Phased retirement could have a huge impact on the way employers attract and retain employees in the future.

With the first cohort of baby boomers (born between 1946 and 1954) now reaching the age when they’re eligible to retire and engaging in some form of retirement planning, phased retirement programs are being discussed more than ever before. While the increased prevalence of those discussions is encouraging, many organizations are asking, Do we have tangible programs to manage the inevitable—the departures of highly knowledgeable and skilled employees who will leave the organization with a big hole that we might not be able to fill?

Many industries are already feeling the effects of this dilemma as more and more baby boomers decide to take the pension and call it quits. It is well documented that Canada, as well as most other industrialized nations, is experiencing a labour crisis. That’s the big picture on the minds of organizations across the country.

Recent changes to pension legislation relating to phased retirement may or may not support this big-picture challenge: implementing a viable program to retain valued employees. However, organizations need to understand how it works if they are serious about incorporating a phased retirement strategy into their pension plans.

What is Phased Retirement?

In practice, phased retirement plays out through one of two basic scenarios:

Scenario 1: The employee gradually reduces the number of hours worked on a weekly basis within the same organization.

Scenario 2: The employee takes part-time work with one organization while collecting a pension from another organization.

If the goal of your phased retirement program is to hold on to valued employees who would otherwise decide to retire—and to do so without increasing costs—then clearly, Scenario 1 is optimal and Scenario 2 is undesirable. Unfortunately, Scenario 2 often becomes the preferred choice for disengaged employees, as well as those with significant pension or post-retirement medical benefits that would otherwise be left on the table.

Pension Plans as an HR Tool

Defined benefit pension plans facilitate attraction (through competitive benefits
packages), retention (through “golden handcuff” provisions) and early retirement
(through supplemental/bridge payments to age 65 and/or unreduced
pensions before age 65, sometimes as early as age 50).

In contrast, defined contribution pension plans facilitate employer cost and
risk containment, the portability of benefits and employee control.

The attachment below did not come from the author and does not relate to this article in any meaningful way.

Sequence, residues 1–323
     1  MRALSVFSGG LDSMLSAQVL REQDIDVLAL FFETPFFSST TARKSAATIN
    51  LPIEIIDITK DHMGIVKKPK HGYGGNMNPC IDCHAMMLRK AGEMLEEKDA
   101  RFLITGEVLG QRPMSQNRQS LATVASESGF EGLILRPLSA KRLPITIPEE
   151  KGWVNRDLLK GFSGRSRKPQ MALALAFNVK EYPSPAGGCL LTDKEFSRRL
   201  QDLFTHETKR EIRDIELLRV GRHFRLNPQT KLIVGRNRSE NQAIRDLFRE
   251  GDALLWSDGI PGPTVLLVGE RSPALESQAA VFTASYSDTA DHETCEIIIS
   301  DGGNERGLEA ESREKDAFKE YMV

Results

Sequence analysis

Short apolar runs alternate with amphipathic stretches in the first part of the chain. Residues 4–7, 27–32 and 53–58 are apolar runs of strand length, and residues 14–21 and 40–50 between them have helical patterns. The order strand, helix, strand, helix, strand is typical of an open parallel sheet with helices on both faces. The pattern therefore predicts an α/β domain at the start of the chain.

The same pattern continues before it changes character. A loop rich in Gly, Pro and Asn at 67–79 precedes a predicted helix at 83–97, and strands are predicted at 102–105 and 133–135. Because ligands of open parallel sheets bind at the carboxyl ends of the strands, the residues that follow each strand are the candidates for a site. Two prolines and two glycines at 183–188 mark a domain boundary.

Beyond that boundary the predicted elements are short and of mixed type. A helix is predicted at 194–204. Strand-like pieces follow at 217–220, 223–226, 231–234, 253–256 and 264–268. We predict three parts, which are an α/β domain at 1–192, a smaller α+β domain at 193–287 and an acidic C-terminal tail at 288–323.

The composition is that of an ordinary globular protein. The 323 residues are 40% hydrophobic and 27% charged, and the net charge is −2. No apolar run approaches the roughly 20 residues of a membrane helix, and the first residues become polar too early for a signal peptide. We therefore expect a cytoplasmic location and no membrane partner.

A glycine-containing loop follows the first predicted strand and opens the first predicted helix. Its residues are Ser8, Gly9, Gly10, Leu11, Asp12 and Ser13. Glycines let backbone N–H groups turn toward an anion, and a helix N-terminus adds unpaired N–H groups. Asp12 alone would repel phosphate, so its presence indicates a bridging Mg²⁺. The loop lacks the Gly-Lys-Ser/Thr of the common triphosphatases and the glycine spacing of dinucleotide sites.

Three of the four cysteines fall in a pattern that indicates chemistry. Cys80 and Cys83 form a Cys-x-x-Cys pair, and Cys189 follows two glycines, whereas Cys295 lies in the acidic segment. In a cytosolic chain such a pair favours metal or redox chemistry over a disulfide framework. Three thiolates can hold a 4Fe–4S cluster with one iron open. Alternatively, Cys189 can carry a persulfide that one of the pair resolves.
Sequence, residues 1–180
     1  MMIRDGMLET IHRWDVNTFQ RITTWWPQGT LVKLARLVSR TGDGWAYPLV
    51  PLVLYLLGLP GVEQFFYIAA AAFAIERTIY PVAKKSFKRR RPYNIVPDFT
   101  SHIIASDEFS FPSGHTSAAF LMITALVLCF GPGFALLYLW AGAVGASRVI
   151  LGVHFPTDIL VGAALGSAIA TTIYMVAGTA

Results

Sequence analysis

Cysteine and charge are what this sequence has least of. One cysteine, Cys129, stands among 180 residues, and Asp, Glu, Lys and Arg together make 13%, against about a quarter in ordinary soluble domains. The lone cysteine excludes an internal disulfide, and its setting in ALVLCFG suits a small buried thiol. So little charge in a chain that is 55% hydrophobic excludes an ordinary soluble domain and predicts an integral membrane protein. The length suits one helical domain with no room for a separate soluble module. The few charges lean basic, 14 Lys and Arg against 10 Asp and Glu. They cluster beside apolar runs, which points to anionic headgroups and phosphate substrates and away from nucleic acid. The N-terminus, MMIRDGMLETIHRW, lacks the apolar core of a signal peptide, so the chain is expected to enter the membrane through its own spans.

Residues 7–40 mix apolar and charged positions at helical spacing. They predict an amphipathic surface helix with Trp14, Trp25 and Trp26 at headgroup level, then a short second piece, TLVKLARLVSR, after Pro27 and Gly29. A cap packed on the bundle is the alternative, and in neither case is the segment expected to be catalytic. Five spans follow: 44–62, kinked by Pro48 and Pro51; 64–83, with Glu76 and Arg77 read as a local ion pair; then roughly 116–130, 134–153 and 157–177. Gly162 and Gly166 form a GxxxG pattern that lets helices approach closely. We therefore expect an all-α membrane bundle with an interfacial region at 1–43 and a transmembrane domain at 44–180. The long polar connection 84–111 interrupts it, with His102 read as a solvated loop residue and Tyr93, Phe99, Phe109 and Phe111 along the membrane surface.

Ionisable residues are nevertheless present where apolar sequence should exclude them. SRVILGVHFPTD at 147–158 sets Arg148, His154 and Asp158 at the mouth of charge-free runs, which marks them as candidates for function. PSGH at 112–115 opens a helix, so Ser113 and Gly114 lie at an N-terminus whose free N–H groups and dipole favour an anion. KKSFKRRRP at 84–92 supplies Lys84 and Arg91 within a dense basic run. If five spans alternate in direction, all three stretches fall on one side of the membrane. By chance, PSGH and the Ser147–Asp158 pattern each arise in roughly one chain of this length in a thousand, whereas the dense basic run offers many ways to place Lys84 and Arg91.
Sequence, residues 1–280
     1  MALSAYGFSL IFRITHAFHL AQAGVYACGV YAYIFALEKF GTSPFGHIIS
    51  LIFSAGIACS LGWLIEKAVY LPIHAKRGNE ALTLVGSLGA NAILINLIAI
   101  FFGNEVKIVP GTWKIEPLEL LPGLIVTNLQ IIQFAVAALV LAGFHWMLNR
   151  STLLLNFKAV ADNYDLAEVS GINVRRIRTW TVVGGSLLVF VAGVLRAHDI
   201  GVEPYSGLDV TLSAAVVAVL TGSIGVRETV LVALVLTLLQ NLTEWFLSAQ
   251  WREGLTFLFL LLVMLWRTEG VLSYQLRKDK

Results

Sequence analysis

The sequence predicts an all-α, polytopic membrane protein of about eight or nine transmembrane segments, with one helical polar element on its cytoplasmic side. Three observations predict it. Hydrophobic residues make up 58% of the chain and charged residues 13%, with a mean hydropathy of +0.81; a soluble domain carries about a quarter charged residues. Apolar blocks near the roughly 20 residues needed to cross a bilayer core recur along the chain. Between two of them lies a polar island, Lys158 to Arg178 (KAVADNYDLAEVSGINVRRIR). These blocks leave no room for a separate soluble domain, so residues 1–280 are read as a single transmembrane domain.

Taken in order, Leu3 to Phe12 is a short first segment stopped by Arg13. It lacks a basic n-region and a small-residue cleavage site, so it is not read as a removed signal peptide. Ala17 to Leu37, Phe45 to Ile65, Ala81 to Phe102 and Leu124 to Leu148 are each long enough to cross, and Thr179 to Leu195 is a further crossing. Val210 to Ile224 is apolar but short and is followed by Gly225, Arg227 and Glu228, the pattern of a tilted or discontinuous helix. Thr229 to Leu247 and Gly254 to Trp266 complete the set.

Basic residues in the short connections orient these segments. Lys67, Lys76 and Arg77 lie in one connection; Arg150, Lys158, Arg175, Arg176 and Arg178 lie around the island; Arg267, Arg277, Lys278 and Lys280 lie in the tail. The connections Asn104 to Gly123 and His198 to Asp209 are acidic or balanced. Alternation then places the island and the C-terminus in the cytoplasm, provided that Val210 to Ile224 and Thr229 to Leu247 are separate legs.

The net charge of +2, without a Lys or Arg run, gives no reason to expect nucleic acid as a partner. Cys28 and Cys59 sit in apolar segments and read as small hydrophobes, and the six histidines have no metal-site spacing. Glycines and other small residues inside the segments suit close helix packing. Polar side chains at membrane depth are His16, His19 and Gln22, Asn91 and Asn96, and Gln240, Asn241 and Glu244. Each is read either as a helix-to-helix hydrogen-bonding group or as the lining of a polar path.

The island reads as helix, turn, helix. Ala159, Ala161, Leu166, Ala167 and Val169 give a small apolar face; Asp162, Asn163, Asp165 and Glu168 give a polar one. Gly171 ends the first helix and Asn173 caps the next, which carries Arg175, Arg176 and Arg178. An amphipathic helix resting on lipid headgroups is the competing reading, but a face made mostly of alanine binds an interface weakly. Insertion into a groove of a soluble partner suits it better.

Many of today’s plans don’t accommodate the concept of phased retirement
very well and, in practice, frustrate efforts to retain highly knowledgeable and
skilled employees who happen to be eligible for retirement. If your employee
benefits programs are working against your phased retirement objectives, then
a review of your programs is overdue.

 

More frequently now, the solution to Scenario 2 seems to be to allow the employee to retire and collect the pension, then have him or her rejoin the organization as an independent consultant or contractor. The number of hours, flexibility of hours worked and level of responsibility can all be negotiated. The drawback to this scenario is that the overall cost is often higher than the preretirement arrangement, and the organization is left with little, if any, negotiation power.

What the Legislators Say

With the abolition of mandatory retirement at age 65 and recent changes to phased retirement legislation, the regulatory landscape is slowly progressing toward becoming a viable part of a broader phased retirement program. Let’s take a look at pension legislation to date.

Quebec and Alberta – Quebec can certainly take credit for engineering the birth of phased retirement in Canada. In 1997, the province of Quebec came up with an innovative legislative solution that allowed an employee (with the employer’s agreement) to reduce his or her work hours and receive financial compensation from the pension plan. The legislation was originally conceived to allow an employee to work reduced hours and make up for the resulting reduced wages by drawing a portion of his or her pension from the plan. It also enabled the employee to continue accruing benefits in the plan while working those reduced hours. At the point of full retirement, the employee’s pension would be reduced to account for the pension payments made during the phased retirement period. In 2000, Alberta followed Quebec’s lead with its own version of phased retirement.

Unfortunately, the legislation in both Quebec and Alberta proved to be largely unworkable, as the Canada Income Tax Act (ITA) would not permit a plan member to receive a pension and continue to accrue pension credits under the plan at the same time. As a result, phased retirement benefits in both Quebec and Alberta had to be provided in the form of an annual lump sum payment. This is likely why, until recently, only these two provinces had enacted phased retirement legislation.

The legislative changes in Quebec and Alberta were designed to give plan members the flexibility to ease into retirement. Because of their cost neutrality and the awkward lump sum workaround to stay within the boundaries of the ITA rules, the take-up rate for phased retirement has not been significant.